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Once-daily Xultophy® has been shown to help patients achieve blood glucose targets

Novo Nordisk announced today that Health Canada has approved Xultophy®as an adjunct to lifestyle modifications, for the once-daily treatment of adults with type 2 diabetes mellitus to improve glycemic control in combination with metformin, with or without sulfonylurea, when these combined with basal insulin (less than 50 units daily) or liraglutide (less than or equal to 1.8 mg daily), do not provide adequate glycemic control.1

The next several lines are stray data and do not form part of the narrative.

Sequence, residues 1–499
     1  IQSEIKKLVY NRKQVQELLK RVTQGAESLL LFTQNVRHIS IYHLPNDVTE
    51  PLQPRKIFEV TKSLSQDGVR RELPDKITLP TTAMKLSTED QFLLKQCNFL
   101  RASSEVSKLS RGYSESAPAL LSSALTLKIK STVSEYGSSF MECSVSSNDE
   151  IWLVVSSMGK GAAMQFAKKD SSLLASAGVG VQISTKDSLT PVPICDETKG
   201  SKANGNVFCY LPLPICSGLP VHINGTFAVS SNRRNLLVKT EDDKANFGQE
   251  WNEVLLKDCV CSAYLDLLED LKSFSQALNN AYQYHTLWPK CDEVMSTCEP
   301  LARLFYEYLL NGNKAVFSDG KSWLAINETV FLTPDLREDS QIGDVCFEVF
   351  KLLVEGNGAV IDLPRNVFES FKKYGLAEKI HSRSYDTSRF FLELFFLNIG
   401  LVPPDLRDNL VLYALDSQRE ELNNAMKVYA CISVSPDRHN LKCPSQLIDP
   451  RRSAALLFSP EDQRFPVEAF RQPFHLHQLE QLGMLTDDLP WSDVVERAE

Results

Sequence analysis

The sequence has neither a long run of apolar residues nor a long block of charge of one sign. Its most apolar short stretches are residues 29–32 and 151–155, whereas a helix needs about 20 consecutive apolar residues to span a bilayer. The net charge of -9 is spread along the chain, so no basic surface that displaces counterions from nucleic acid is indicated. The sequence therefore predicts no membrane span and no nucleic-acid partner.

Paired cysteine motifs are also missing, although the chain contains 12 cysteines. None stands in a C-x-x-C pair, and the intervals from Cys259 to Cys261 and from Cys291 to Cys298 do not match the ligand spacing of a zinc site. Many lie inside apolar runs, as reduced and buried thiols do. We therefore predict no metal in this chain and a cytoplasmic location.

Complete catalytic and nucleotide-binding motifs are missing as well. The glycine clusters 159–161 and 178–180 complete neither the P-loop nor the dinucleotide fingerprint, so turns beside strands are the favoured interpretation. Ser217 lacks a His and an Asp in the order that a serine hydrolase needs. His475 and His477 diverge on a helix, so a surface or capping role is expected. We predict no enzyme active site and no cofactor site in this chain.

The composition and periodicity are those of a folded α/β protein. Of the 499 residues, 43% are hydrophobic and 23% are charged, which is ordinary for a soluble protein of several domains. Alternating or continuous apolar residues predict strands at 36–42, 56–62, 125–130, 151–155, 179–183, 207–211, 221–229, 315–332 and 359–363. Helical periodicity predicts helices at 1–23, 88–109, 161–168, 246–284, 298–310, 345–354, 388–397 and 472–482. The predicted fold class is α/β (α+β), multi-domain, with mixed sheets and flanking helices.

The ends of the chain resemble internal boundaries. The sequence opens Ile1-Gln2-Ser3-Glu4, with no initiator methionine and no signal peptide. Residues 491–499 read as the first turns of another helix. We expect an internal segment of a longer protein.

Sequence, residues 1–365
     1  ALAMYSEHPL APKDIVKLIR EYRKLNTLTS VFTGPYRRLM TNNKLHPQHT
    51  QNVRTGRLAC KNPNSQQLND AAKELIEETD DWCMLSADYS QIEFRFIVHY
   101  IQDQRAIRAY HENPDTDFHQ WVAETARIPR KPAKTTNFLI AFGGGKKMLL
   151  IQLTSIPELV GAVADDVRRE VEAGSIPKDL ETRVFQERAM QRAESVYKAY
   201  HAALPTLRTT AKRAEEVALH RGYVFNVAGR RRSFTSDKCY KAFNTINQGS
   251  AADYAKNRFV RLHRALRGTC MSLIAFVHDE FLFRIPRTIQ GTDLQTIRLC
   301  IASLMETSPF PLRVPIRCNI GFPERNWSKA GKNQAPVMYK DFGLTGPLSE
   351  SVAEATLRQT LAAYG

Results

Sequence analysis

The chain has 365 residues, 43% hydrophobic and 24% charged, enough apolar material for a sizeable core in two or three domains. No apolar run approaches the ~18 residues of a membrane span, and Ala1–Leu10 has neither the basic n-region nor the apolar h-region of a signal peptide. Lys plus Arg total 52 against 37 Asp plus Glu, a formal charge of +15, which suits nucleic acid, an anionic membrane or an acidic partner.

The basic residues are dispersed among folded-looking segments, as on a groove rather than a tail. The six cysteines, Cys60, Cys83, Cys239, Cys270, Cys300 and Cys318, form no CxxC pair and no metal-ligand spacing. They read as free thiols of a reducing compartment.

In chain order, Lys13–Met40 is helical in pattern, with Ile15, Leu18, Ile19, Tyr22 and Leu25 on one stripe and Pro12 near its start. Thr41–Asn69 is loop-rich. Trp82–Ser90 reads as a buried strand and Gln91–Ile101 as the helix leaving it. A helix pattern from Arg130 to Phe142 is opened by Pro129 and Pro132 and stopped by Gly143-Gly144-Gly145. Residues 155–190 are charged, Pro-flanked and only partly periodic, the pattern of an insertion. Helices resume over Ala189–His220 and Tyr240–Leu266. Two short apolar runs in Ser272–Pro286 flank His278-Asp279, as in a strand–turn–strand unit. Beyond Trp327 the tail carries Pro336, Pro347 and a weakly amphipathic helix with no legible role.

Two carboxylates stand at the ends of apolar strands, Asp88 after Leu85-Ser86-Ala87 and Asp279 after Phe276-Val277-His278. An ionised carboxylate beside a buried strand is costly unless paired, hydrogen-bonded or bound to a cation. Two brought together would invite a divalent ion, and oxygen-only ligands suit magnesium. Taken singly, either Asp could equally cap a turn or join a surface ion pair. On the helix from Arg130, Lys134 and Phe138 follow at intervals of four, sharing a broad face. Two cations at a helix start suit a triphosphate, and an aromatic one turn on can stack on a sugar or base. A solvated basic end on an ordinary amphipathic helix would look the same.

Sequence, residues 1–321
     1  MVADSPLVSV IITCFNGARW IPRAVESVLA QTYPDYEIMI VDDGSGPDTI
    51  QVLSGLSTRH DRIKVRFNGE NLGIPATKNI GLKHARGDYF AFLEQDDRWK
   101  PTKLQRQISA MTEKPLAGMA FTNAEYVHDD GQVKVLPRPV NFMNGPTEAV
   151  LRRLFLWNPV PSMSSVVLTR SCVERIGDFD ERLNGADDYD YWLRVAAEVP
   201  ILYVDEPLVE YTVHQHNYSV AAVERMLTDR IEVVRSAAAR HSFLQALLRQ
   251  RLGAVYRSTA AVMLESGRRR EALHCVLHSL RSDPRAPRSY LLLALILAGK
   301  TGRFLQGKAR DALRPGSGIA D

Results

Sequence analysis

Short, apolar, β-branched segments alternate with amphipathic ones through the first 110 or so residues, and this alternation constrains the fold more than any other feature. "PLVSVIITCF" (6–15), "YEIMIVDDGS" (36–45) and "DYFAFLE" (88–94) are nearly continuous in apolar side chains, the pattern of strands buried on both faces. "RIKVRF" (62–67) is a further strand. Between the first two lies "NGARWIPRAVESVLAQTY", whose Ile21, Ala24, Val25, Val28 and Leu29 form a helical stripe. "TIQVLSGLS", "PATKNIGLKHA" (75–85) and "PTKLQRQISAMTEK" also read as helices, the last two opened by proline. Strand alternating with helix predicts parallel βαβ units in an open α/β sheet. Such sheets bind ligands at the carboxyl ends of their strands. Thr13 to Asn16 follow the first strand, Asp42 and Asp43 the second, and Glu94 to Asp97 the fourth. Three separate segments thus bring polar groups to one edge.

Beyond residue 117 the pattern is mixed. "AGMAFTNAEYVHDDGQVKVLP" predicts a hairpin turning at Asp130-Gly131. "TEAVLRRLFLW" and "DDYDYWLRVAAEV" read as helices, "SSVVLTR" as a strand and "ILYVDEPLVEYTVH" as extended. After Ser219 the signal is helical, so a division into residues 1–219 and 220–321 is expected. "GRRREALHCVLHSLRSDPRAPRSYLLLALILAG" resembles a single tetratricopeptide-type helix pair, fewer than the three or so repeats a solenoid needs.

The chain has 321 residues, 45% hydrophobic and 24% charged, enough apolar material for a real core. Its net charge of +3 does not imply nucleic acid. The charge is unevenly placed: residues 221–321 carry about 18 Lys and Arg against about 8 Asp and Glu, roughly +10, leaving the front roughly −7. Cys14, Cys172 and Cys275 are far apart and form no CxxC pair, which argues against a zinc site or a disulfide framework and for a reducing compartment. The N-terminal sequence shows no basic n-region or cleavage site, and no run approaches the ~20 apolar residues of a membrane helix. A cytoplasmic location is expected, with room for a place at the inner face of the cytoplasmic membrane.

“Living with diabetes is a complex situation in itself especially for people requiring insulin therapy. Therefore, treatment options should ideally aim to reduce complexity,” says Dr. Stewart Harris, Clinical Diabetologist and Professor at the Schulich School of Medicine and Dentistry at Western University in London, Ontario. “Xultophy®, a new insulin combination treatment therapy, not only helps people with type 2 diabetes optimize their blood glucose targets, studies have also demonstrated the added benefits of a lower risk of hypoglycemia and potential weight loss when compared to other insulin intensification approaches where hypoglycemia and weight gain poses a significant clinical barrier to successful blood glucose control. Xultophy® does this in a simple, once-daily injection using a pre-filled pen.” Xultophy® (insulin degludec + liraglutide injection) is a fixed-ratio combination of a long-acting basal insulin (Tresiba®/insulin degludec) and a glucagon-like peptide 1 receptor agonist (GLP-1 RA) (liraglutide), in a once-daily injection. Xultophy® can be taken independent of meals, at any time of day – preferably at the same time of the day.1 “Insulin is, and has been, the mainstay for treating patients with longstanding type 2 diabetes,” says Dr. Jan Hux, President and Chief Science Officer of Diabetes Canada. “But insulin carries the risk of causing dangerously low blood glucose levels. When insulin is used in combination with other medications that don’t carry a risk of low blood sugar levels, it can help patients with type 2 diabetes reach their blood glucose targets more safely and with less insulin than they would otherwise need.” About the DUAL™ Clinical Development Program The approval of Xultophy® is based on efficacy and safety data from the DUAL™ (Dual Action of Liraglutide and Insulin Degludec in Type 2 Diabetes) clinical development program. In three DUAL™ trials involving 1,393 adults with type 2 diabetes, patients who were inadequately controlled on liraglutide or basal insulin therapy and switched to Xultophy®achieved significant reductions in HbA1c.1 For adults uncontrolled on basal insulin, Xultophy® demonstrated reductions in HbA1c from baseline of 1.81 per cent (vs insulin glargine) and 1.90 per cent (vs basal insulin therapies).1 The most frequently reported adverse reactions during treatment with Xultophy® were hypoglycemia and gastrointestinal adverse reactions, of which nausea was the most frequently reported and declined as treatment continued.1 About Xultophy® Xultophy® is a once-daily single injection fixed-ratio combination of long-acting insulin degludec and the GLP-1RA liraglutide in one pen. Insulin degludec lowers blood glucose by facilitating glucose uptake upon binding to insulin receptors on muscle and fat cells and simultaneously inhibiting hepatic glucose output.1 Liraglutide stimulates insulin secretion and decreases glucagon secretion in a glucose-dependent manner.1 About Novo Nordisk Novo Nordisk is a global healthcare company with more than 90 years of innovation and leadership in diabetes care. This heritage has given us experience and capabilities that also enable us to help people defeat obesity, hemophilia, growth disorders and other serious chronic diseases. Headquartered in Denmark, Novo Nordisk employs approximately 41,700 people in 77 countries and markets its products in more than 165 countries. For more information, visit novonordisk.caTwitterYouTube. References _________________________ 1 Xultophy® Product Monograph. Novo Nordisk Canada Inc. April 11, 2018. SOURCE Novo Nordisk Canada Inc. For further information: Media: Kate Hanna, 905-629-6612, [email protected]